More Palin: The other side of the culture war

Yes, more Palin. Bear with me.

We all know that there have been some very nasty attacks on Palin from some feminists, as well as a lot of condescension from the Maureen Dowd types who look down their noses at a small-town, gun-owning, Walmart-going, Bible-believing mom with five kids. But it takes two to do the culture-war tango.

For instance, in The American Spectator, one Jeffrey Lord rightly deplores the feminist attacks on Palin. Then he goes on to say:

This election is now being fought openly between, as Whittaker Chambers once described the same fight in a different era, “those who reject and those who worship God.” Between those who believe “if man’s mind is the decisive force in the world, what need is there for God?” — and America’s own Joan of Arc, Sarah Palin.

If Barack Obama is an atheist, that’s news to me. And I certainly hope that Palin doesn’t actually see herself as Joan of Arc on a God-given crusade. (It’s interesting how the left-wing caricature of Palin is barely distinguishable from the right-wing icon.)

Praising Palin’s decision to keep her baby with Down’s Syndrome and to encourage her pregnant 17-year-old daughter Bristol to bear her child, Lord writes:

Twice over in two now ongoing and very public situations, Sarah Palin has focused on the love of God rather than herself. To those who have vested their life and career comfortably believing there is little need for God because what of what rolls around aimlessly in their heads and those of their like-minded friends at any given moment, to those who view government and the power of the state as an object of worship, this is taken as a serious, gut-level threat. A threat to the existence of their own very carefully structured non-religious secular value system.

Glossing over Lord’s apparent assumption that Palin expects to have no personal joy or satisfaction from her special-needs child or her grandchild, and that her decision was solely a sacrifice to God, this is a pretty nasty portrayal of secularists. Further down, it is compounded by nasty swipes at insufficiently masculine liberal men (“Glutted with Hollywood pâté, Al Gore would have a coronary trying to keep up with Palin, who probably wouldn’t be bringing along any seriously good wine as he races through the backwoods. Once off the basketball court, Obama would be clueless on snowshoes with a gun and a charging moose”).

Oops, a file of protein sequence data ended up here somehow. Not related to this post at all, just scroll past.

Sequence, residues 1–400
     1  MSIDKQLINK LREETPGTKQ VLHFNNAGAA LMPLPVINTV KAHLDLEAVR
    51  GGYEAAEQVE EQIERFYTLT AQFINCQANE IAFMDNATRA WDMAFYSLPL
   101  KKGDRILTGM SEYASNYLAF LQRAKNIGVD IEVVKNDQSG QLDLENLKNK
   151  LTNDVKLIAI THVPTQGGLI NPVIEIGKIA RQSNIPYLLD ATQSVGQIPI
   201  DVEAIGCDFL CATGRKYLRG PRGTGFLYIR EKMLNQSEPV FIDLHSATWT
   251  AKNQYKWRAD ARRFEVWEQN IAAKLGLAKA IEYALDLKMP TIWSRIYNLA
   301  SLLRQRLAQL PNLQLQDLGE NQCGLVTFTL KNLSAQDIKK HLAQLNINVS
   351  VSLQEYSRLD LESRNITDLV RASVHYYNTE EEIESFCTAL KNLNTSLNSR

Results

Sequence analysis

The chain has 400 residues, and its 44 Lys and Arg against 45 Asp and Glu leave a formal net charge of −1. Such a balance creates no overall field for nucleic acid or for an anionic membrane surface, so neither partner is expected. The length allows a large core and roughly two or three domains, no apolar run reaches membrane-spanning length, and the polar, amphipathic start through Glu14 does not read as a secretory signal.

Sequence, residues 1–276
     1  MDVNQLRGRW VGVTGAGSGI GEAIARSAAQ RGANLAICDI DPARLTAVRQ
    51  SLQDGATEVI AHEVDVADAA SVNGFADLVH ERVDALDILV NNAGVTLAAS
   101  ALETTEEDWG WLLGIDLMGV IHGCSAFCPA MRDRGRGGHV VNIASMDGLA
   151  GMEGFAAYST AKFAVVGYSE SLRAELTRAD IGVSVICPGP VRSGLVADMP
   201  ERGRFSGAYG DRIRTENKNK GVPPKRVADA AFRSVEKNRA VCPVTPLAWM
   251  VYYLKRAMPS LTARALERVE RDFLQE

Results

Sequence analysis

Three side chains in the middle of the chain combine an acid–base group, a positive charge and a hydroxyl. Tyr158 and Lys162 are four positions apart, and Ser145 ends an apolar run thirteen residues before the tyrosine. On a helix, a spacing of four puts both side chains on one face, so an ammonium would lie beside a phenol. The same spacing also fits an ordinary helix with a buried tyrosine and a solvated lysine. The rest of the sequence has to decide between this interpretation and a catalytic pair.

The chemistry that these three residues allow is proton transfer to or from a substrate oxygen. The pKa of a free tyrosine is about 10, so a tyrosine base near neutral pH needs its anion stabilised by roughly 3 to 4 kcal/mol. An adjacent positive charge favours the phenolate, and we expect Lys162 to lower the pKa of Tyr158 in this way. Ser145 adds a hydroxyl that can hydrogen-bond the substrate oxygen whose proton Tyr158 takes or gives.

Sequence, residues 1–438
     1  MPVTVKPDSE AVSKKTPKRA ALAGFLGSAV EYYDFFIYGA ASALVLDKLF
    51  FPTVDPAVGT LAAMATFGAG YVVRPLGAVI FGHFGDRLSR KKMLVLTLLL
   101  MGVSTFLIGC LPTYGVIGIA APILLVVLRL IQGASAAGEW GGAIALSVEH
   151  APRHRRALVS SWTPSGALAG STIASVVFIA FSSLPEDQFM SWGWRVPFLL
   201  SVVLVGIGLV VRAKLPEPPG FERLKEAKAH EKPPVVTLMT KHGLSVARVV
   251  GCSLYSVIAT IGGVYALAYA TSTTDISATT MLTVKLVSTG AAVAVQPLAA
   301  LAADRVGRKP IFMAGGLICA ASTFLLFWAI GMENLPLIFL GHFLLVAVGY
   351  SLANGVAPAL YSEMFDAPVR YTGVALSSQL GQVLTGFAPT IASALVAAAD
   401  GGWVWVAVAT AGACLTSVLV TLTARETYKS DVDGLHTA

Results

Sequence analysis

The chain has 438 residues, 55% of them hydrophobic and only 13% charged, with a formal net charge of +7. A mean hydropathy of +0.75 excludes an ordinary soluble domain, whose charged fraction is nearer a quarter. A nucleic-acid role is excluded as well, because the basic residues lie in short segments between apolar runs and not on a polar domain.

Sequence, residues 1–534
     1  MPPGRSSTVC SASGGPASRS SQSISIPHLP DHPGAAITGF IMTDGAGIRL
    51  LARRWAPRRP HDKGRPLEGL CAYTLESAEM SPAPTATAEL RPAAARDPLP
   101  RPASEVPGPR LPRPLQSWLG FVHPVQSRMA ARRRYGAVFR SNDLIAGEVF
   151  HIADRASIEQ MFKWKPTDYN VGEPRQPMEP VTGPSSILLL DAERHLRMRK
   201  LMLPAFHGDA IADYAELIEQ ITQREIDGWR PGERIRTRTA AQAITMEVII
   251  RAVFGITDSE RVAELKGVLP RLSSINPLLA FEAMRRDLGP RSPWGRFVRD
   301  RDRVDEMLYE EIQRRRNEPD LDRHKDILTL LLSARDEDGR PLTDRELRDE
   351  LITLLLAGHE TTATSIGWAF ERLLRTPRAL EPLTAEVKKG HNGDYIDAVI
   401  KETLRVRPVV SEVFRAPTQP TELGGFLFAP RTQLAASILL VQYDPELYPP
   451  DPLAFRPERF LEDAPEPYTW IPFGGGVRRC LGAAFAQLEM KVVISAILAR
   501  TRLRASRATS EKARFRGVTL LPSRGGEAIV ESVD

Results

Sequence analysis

On a less hysterical note, Jonah Goldberg in National Review defends Palin against the “she’s not a real woman” attacks … and then sneers that the same people would consider “a childless feminist who looks like a Bulgarian weightlifter in drag” a real woman. On Townhall.com, Kevin McCullough speculates that “modern feminists” hate Palin because she’s a real woman:

She has a manly, and (according to several women I’ve overheard) handsome husband. She is content in their life together as a couple where each goes out and works hard. As a mom she is parenting her kids giving them what mothers give best, and her husband, gives what only a father can.

She’s not afraid to don some lipstick and use her comely attraction to romance “her guy” one night, and turn around and beat back corruption as a fierce defender of what is right the next day.

As opposed to, say, the notoriously unwomanly Geraldine Ferraro (married mother of three) and Nancy Pelosi (a married mother of five whom a poster on Michelle Malkin’s blog charmingly described the other day as “the result of mixing June Cleaver with Code Pink, Steroids and a strap on”)?

And a final item, by Jim Brown at OneNewsNow:

A pro-life activist suggests one of the reasons liberals despise Republican vice-presidential nominee Sarah Palin so passionately may be because she gave birth to her son despite a diagnosis of Down syndrome.

… Mark Crutcher, the president of Life Dynamics Incorporated (LDI), notes that in America today, 90 percent of all Down syndrome children are killed in the womb.

“I wonder what the people who are doing that — the parents who are ‘choosing’ to have their child executed — what they think when they look at Sarah Palin and her family, when they see the example of that family welcoming a Down syndrome child in and loving that child. I wonder what those people think,” Crutcher contends. “I also wonder whether this is where you’re seeing some of this hatred and venom that’s coming from the godless Left directed at [Palin]. I’m beginning to wonder if Sarah Palin isn’t rubbing their noses in their own shame.”

What hateful tripe. If 90 percent of people who find out they are carrying a fetus with Down’s Syndrome terminate their pregnancies, there must be quite a few non-liberals among them (and even, I daresay, quite a few conservatives). And frankly, if Sarah Palin’s example is going to be used as a moral club to beat those who make the choice to terminate a pregnancy under those circumstances, an angry response will be justified.

7 Comments

Filed under antifeminism, conservatism, left and right, Sarah Palin

7 responses to “More Palin: The other side of the culture war

  1. ada47

    Hi Cathy,
    Glad to see you’re blogging again, I’ve missed your perspective on workd events of late.